The barbaric sentence was carried out in full. The rope was placed around the martyr’s neck, the cart pulled away and he was left to hang but briefly. Then still alive and fully conscious, he was cut down and disembowelled. He was heard to exclaim; “Oh most holy Jesus, have mercy upon me in this hour!” Still alive as the executioner tried to rip his heart out, it was reported that the victim was heard to murmur; “Good Jesu, what will ye do with my heart?” John Houghton was then decapitated and his poor body quartered. His head was displayed on a pike on London Bridge and his quarters were hung in prominent places as a deterrent to any who would be so foolish as to question the wicked king and his contemptible Parliament. One quarter, including an arm, was suspended above the gate of the London Charterhouse. It was a most grisly and potent warning of things to come for, although John Houghton was the first, many more would follow.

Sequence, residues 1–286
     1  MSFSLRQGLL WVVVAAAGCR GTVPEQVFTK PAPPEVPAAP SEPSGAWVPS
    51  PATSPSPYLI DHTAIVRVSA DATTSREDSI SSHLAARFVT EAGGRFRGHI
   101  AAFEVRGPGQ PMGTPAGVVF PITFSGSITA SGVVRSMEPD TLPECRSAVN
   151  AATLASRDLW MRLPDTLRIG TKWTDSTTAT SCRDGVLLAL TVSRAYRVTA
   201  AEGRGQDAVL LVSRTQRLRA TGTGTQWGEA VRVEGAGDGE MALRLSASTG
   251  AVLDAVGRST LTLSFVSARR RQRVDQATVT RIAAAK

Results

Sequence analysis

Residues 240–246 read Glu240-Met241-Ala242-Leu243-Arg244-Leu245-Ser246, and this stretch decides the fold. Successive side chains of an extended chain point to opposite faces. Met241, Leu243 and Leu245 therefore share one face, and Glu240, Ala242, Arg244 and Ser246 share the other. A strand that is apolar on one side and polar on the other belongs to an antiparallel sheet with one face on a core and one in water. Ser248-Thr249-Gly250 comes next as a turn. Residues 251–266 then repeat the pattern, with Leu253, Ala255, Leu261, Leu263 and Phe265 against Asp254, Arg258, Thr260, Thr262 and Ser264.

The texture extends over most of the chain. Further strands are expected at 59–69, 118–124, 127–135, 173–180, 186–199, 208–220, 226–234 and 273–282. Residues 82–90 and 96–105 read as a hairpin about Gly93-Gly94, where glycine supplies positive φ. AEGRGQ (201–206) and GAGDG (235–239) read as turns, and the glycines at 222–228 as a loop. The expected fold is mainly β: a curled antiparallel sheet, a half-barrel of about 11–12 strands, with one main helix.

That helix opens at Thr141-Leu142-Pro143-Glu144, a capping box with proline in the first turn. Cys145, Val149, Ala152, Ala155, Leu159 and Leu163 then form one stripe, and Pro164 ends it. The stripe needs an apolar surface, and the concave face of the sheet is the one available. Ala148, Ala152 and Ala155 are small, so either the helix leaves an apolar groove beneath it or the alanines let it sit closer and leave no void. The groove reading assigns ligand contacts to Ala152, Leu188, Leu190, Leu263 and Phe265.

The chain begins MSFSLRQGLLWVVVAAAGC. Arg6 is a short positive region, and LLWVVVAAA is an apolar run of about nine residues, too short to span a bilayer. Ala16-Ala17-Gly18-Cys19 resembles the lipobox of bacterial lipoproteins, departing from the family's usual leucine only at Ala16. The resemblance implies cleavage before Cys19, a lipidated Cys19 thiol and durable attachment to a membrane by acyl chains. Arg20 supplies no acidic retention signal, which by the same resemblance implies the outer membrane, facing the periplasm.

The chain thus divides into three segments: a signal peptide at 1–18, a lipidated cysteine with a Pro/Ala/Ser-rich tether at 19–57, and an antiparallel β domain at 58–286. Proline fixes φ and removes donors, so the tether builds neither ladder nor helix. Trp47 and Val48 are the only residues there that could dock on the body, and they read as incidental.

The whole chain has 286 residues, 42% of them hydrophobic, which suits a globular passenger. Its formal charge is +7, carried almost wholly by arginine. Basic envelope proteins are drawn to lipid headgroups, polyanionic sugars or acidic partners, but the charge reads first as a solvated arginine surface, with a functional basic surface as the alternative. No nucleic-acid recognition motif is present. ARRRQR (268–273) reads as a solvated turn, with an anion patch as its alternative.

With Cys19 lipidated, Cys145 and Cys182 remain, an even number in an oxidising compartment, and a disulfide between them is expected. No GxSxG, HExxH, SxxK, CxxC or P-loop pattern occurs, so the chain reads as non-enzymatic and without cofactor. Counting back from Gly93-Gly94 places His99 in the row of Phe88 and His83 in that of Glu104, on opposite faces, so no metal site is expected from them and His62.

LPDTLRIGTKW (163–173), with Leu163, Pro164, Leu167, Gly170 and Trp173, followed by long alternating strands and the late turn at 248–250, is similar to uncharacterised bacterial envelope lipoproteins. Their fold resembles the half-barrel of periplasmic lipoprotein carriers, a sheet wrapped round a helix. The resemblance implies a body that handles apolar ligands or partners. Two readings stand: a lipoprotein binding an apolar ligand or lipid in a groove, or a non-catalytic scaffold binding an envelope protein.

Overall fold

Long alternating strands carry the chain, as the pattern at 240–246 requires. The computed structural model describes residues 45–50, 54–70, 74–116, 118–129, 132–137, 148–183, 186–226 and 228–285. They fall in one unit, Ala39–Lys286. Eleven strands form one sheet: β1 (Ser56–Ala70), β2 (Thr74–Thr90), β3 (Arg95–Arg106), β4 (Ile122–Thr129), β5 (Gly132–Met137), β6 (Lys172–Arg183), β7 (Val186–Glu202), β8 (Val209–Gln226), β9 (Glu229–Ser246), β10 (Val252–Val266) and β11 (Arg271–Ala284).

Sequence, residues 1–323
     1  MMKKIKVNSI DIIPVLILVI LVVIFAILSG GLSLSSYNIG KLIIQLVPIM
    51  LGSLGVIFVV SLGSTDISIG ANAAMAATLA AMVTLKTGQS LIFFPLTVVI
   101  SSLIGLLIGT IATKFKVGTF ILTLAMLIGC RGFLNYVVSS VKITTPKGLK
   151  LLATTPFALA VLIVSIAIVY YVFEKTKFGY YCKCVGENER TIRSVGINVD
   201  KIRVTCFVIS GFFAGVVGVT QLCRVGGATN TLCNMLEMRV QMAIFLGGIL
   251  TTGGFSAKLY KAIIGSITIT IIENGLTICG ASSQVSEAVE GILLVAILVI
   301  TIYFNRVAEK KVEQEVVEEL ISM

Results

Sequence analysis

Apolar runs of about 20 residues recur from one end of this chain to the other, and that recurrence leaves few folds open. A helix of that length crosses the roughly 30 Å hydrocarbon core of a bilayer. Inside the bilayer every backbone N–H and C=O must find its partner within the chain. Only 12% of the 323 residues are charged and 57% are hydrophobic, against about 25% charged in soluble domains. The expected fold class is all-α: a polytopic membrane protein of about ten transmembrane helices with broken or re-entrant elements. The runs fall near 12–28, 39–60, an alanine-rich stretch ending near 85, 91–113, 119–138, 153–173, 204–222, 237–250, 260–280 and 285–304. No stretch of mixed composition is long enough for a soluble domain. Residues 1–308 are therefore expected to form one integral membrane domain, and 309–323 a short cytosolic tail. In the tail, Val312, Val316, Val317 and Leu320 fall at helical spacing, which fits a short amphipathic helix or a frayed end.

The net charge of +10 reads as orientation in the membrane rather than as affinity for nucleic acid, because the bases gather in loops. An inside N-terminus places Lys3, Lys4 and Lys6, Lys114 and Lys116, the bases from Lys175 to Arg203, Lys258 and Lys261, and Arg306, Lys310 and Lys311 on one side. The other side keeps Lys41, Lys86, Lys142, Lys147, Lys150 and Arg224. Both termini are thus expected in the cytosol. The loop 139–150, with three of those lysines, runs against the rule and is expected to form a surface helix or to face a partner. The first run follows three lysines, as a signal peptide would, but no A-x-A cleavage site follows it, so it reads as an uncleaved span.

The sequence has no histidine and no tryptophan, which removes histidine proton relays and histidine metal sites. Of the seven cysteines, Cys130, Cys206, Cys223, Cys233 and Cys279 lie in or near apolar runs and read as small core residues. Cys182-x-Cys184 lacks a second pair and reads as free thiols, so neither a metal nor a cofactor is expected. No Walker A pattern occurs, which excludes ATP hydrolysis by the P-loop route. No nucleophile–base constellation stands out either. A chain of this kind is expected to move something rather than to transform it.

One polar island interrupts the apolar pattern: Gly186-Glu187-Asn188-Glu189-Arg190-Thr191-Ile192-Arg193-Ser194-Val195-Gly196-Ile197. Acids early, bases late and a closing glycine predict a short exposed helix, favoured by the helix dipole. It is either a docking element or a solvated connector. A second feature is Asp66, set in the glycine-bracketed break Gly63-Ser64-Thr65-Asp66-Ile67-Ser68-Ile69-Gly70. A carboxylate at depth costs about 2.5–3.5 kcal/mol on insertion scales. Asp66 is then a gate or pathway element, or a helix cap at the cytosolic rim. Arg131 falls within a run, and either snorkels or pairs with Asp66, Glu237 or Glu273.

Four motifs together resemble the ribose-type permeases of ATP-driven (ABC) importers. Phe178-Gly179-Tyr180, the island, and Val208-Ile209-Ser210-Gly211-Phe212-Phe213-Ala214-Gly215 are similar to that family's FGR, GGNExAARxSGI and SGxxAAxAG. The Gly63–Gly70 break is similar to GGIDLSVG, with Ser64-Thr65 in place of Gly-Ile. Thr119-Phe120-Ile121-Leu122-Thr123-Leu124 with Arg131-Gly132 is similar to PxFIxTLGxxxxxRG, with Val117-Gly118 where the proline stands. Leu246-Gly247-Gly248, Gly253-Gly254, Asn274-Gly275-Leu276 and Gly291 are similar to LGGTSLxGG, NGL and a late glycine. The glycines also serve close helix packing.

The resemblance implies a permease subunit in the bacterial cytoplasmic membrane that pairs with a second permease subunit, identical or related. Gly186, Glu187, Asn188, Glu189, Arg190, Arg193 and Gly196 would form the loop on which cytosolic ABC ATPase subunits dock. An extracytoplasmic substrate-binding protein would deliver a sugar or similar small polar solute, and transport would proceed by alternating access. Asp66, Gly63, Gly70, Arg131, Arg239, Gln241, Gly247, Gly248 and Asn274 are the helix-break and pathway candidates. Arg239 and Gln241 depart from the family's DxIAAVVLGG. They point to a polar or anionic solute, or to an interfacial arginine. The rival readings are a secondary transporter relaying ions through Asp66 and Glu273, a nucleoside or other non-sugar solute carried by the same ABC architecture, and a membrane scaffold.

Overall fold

On 9th December 1886, John Houghton was beatified by Pope Leo XIII. Eighty-four years later, on 25th October 1970, John Houghton was canonised by Pope Paul VI as one of the FORTY MARTYRS OF ENGLAND AND WALES.

*John Houghton and the two other Carthusian Priors, Augustine Webster and Robert Lawrence, were executed with Bridgettine monk, Richard Reynolds and secular priest, John Hale, who also refused to take the Oath of Supremacy.

6 comments:

  1. Hello Marion

    It is nice to hear from you. I am going away tomorrow & I will be gone about five weeks so I won't be doing any blogging for awhile. Thanks for looking in, keep in touch, and God bless you.